Sundance

by

 

Sundance

 One of the first things I see off the shuttle in downtown Park City – it has one main street, called Main Street – is a line of people wearing fur coats and carrying signs that say “ONLY ZOMBIES KILL ANIMALS AND WEAR THEM.” I pan from their coats to their faces and see that they are made up as zombies, with ashen skin, bruises for eyes and hot red lines around their mouths to show that they have been eating something that was once alive and had blood flowing through its veins. It’s a bright, cheery day, mid-afternoon, and they look like they have come up from the grave, starved for blood, and would be freezing if it weren’t for their fur coats.  A crowd has formed around them because in addition to the screaming signs they are shouting imprecations at people passing them on the narrow sidewalk, some of whom (but not many) are headed next door to a store that sells fur coats.

If it were the first scene in a film I guess it would be of the apocalyptic “Bladerunner” or “12 Monkeys” kind, the rabid people shouting about killing meaning to encourage passersby to think about their actions, life and death on the line, and so on.  I watch for a minute, then turn with the crowd because someone has seen, or thinks he or she has seen, Cameron Diaz. I am not so sure I want to see Cameron Diaz after the anti-zombies, so I keep walking in search of food. Something simple, I think, which to me almost always means “hamburger,” which I am even more ravenous for after watching the zombies. I walk into the first place that has the word “grill” on its sign, and though it is 3 p.m. the place, called The Hideout, is packed upstairs. The hostess invites me to go down into the basement bar and I do, finding a giant taxidermied moose head mounted on the wall at the head of the stairs. Down in the bar, in the dark, groups of people who may or may not be movie people are watching the Arkansas-Philadelphia semi-final. I take a seat at the bar, order a bacon burger, and a young man named Andrew introduces himself immediately. He tells me he is a make-up artist from Mississippi and he is in town with a film at Slamdance, the film festival that sprang up in the shadow of Sundance (and that Lynn Shelton won three years ago with her first feature film, “We Go Way Back”). Philadelphia scores a touchdown while Andrew tells me he is really proud of working out really cheap and easy-to-film effect of a throat being cut. It involves a substance like molasses and food-coloring and, he says, “a dull knife.”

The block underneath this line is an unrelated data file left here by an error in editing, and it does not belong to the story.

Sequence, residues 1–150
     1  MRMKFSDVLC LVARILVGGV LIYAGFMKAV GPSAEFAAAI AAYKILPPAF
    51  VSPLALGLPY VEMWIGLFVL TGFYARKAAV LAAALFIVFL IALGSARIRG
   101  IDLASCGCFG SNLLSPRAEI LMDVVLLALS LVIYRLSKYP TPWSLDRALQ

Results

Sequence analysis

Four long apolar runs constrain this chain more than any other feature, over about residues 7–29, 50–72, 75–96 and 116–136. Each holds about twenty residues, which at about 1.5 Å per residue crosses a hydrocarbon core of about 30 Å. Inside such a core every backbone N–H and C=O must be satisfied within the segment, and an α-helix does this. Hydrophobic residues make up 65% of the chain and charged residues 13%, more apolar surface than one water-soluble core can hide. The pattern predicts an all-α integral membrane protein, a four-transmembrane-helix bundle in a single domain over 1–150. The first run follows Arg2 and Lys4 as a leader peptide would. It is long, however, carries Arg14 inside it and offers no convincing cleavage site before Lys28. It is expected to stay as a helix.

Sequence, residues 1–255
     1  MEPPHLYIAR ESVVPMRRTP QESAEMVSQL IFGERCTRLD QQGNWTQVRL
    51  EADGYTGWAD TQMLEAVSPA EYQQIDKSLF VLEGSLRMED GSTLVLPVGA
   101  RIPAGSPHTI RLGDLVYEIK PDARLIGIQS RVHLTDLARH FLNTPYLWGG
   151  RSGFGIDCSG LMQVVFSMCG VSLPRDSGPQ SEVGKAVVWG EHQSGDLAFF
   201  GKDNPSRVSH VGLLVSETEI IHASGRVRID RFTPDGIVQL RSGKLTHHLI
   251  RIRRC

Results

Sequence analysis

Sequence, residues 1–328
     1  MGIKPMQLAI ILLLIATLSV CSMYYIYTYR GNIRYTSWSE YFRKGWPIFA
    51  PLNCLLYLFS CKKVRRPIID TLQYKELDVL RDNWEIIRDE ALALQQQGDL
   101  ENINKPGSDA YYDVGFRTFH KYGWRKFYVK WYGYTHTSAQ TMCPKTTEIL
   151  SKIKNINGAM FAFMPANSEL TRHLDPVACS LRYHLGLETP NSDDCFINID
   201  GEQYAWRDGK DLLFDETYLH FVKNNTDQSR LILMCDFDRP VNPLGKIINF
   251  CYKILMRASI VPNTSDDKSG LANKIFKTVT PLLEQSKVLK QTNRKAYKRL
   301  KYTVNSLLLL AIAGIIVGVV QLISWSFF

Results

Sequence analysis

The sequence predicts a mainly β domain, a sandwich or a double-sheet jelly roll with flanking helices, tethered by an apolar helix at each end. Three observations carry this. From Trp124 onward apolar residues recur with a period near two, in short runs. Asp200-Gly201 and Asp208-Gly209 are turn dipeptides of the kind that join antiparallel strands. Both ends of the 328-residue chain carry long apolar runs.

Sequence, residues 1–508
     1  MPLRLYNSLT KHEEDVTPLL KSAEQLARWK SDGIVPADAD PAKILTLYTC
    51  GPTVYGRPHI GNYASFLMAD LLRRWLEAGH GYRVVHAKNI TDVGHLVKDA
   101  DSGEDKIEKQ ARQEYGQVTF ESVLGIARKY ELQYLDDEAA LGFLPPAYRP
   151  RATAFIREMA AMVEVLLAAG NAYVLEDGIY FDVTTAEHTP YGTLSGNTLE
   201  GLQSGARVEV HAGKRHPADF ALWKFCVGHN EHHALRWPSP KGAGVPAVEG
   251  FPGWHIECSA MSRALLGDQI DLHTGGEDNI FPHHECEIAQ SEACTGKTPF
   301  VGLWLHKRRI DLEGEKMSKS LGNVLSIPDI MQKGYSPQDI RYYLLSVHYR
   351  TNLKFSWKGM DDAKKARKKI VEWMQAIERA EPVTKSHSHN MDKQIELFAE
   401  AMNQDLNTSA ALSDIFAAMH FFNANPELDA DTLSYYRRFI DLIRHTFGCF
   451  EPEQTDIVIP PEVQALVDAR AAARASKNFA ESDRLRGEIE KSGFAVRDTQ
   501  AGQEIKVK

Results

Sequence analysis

I still have a ticket to only one film: “The Immaculate Conception of Little Dizzle,” which is the film Northwest Film Forum’s Start-to-Finish program nurtured and helped to produce (my predecessor, Michael Seiwerath, has the Executive Producer credit on the film). Tickets for almost everything are hard to get. They are, actually, nearly impossible to come by. As I finish my hamburger and Arkansas starts a come-back, I wonder if the screaming, animal-loving anti-zombies outside have any spares for, say, “Johnny Mad Dog,” a film about some brutal murders that is getting almost as much buzz as the film Lynn Shelton has brought, “Humpday,” a film everyone with a Seattle zip code must now know is in competition here and which is getting loved up pretty well. The Humpday condo, where I will be staying the next couple of nights, will be wired up, I think.  “When you come tomorrow,” one of the film’s producers tells me, I’ll probably have been up all night.” He will be looking at conversations they are having with buyers, and he will probably be a little ashen, he says. In the good sense,though, not the strange, animal-activist sense.

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